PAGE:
Warriors return home for battle with Raptors
Rudy Gay is averaging 19.7 points, 7.4 rebounds and 35.8 minutes per game for the Raptors this year. (USATSI)
DeMar DeRozan and Klay Thompson are both 6-foot-7 offensive standouts from the Pac-12. (USATSI)
Programming note: Raptors-Warriors coverage tips off tonight at 7 p.m. with Warriors Pregame Live on Comcast SportsNet Bay Area (territorial restrictions apply)
OAKLAND -- With 11 of their first 18 games on the road, the schedule has not been kind to the Warriors. And with three of their top six players being sidelined for multiple games, neither have the gods of good health.
Yet coach Mark Jackson claims he is not the least bit bothered.
"I've never addressed it," he said. "And we will never address it as a team. Everybody is going to go through injuries. Everybody is going to go through a tough part of the schedule."
Such a philosophical outlook might come easier when the very next game is at home, against a team that last won in Oakland since when Eric Musselman was coaching the Warriors.
That would be the Toronto Raptors, who somehow sit atop the Atlantic Division of the Eastern Conference despite losing their last three games and lugging a 6-10 record.
Asked about this spurious powerhouse, Jackson simultaneously expressed fear and concern -- all with a straight face. As he should, for the Warriors have lost five of their last seven.
"They have guys that can take over games, scoring at different positions," Jackson said, singling out explosive wings Rudy Gay and DeMar DeRozan. "The bigs are guys that can hurt you on the offensive boards and, obviously, Kyle Lowry is a proven guard that has displayed the ability to take over games."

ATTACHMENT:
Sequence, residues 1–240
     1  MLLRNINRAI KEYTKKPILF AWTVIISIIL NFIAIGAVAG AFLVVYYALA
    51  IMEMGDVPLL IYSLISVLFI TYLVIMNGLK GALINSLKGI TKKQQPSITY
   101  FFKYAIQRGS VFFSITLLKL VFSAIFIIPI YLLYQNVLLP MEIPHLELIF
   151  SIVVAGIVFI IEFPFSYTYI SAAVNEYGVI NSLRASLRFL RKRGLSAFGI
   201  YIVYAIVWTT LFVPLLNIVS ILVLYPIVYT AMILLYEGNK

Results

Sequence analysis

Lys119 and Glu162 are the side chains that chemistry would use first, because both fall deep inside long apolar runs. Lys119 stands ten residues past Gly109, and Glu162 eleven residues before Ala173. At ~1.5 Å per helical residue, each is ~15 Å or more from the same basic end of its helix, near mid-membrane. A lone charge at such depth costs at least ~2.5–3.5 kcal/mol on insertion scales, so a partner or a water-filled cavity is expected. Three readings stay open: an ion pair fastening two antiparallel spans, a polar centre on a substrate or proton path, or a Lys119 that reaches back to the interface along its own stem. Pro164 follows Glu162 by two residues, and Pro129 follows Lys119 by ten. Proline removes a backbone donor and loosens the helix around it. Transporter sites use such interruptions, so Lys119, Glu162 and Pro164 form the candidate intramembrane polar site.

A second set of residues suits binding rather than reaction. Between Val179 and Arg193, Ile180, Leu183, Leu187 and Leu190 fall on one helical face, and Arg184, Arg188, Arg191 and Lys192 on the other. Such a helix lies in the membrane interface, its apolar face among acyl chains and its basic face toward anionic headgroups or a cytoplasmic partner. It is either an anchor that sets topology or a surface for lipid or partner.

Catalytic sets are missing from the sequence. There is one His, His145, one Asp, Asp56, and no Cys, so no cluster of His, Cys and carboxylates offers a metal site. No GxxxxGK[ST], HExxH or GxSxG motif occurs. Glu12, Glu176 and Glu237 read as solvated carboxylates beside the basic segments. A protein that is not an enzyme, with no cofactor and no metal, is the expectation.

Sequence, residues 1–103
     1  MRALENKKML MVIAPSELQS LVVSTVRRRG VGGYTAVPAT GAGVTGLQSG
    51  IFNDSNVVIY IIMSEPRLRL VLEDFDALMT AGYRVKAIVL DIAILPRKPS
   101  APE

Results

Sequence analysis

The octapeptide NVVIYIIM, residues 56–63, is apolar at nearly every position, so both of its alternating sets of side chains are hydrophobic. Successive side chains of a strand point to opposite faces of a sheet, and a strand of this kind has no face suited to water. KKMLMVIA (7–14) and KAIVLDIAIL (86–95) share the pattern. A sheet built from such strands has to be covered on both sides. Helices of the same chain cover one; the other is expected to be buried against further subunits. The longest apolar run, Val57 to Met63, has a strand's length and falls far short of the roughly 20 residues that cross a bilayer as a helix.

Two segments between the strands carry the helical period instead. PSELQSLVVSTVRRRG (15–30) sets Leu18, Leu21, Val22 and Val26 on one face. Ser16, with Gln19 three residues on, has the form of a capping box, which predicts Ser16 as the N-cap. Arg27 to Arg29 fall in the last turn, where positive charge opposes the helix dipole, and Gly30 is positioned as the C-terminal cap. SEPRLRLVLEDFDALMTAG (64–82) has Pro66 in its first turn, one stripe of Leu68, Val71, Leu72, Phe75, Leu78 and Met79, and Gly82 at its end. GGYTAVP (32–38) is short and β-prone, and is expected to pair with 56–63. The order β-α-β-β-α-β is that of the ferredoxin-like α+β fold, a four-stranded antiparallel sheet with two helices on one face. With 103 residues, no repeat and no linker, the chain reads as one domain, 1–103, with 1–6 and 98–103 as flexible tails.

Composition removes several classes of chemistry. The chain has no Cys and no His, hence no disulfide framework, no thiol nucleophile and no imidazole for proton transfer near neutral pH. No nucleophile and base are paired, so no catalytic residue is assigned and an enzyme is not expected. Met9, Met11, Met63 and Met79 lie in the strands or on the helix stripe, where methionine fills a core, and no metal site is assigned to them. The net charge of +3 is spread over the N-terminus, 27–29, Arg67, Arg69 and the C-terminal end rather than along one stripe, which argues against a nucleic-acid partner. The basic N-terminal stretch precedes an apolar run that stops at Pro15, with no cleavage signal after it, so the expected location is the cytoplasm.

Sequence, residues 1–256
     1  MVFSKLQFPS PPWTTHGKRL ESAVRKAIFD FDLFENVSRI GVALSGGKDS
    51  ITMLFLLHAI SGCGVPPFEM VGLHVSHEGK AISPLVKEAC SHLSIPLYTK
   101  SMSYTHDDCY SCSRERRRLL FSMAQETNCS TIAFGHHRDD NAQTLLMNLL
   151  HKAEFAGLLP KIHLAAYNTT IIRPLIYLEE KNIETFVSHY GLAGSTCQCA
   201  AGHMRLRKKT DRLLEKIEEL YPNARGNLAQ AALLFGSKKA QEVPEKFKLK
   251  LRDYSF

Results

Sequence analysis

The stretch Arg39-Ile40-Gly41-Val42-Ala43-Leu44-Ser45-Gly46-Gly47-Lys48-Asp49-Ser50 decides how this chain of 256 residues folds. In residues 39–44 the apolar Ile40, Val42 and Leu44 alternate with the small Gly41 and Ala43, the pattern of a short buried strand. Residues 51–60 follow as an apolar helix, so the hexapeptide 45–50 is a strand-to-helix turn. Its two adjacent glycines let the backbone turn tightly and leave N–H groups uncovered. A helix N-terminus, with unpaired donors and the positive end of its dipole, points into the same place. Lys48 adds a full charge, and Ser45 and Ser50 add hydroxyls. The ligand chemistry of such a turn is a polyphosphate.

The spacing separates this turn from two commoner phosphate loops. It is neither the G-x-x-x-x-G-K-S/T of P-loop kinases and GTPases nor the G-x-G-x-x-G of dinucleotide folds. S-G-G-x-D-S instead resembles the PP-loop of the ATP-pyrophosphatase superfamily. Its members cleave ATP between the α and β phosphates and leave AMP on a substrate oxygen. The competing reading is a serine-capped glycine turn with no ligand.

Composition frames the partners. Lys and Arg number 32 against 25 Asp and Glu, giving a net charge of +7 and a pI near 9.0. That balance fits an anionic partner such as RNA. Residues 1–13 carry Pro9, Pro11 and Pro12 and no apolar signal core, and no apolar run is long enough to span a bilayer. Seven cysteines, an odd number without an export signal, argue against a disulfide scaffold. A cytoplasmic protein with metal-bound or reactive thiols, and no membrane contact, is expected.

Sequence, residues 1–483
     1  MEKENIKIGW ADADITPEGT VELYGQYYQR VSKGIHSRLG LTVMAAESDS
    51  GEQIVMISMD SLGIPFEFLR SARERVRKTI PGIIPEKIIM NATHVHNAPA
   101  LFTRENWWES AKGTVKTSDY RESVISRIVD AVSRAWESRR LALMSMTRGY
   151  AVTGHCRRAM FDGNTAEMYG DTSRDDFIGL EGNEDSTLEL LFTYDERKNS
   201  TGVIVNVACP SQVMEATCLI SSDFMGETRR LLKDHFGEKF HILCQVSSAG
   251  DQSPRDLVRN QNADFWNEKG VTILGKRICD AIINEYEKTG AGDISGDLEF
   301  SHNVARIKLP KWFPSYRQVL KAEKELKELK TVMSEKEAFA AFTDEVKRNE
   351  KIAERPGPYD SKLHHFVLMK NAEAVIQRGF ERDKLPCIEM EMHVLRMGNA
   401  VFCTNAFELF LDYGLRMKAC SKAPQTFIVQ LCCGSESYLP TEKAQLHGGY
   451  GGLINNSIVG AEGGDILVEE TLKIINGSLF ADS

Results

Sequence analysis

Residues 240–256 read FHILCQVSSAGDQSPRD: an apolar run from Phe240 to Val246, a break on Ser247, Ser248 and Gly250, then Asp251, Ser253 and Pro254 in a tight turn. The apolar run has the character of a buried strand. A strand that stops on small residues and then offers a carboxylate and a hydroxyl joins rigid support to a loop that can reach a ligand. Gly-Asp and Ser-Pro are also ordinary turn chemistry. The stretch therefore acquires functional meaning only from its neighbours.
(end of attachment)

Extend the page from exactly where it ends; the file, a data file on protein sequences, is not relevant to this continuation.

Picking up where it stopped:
And don't think for a minute that this exact message has not filtered down to Jackson's players.
"They have guys . . . Rudy Gay, who can take over a game," forward Draymond Green said. "DeMar DeRozan, who can take over a game. Kyle Lowry, who can take over a game."
And yet . . .
"One thing, coming into this year, we said we wanted to do," Green added, "was win the games that we think we should win and definitely protect our home court."
Green did not predict victory. He simply implied this is a game the Warriors should win.
MATCHUPS TO WATCH: Klay Thompson vs. DeRozan. It's two 6-foot-7 wings from the Pac-12, Thompson from Washington State and DeRozan from USC. It's DeRozan's high-flying athleticism against Thompson's dogged defense and terrific 3-point shooting. Though DeRozan leads Toronto in scoring, Thompson is having the superior season.
Harrison Barnes vs. Rudy Gay: Two similarly athletic 6-foot-8 wings from East Coast power schools, Barnes from North Carolina and Gay from UConn. This is a challenge for Barnes, as Gay is an impetuous sort most comfortable when he's attacking. So far this season, he's shooting only 38 percent from the field.
Andrew Bogut vs. Jonas Valanciunas: It's the veteran 7-foot Aussie against the young 6-foot-11 Lithuanian. Valanciunis is an emerging player who will make Bogut work. But Bogut, who turned 29 last week, could teach the 21-year-old a lesson or two.
ACHES AND PAINS: Though Andre Iguodala (strained left hamstring) and Toney Douglas (stress reaction, left tibia) worked out on the side for the first time in more than a week, neither will play. Centers Festus Ezeli (right knee surgery) and Ognjen Kuzmic (right pinkie surgery) remain out indefinitely.
KEYS TO VICTORY: Only three teams -- Milwaukee, Charlotte and Cleveland -- shoot worse than Toronto. No team passes with less efficiency, as the Raptors are last in assists per game. If the Warriors play smart defense and contain DeRozan and Gay, it should lead to a home victory.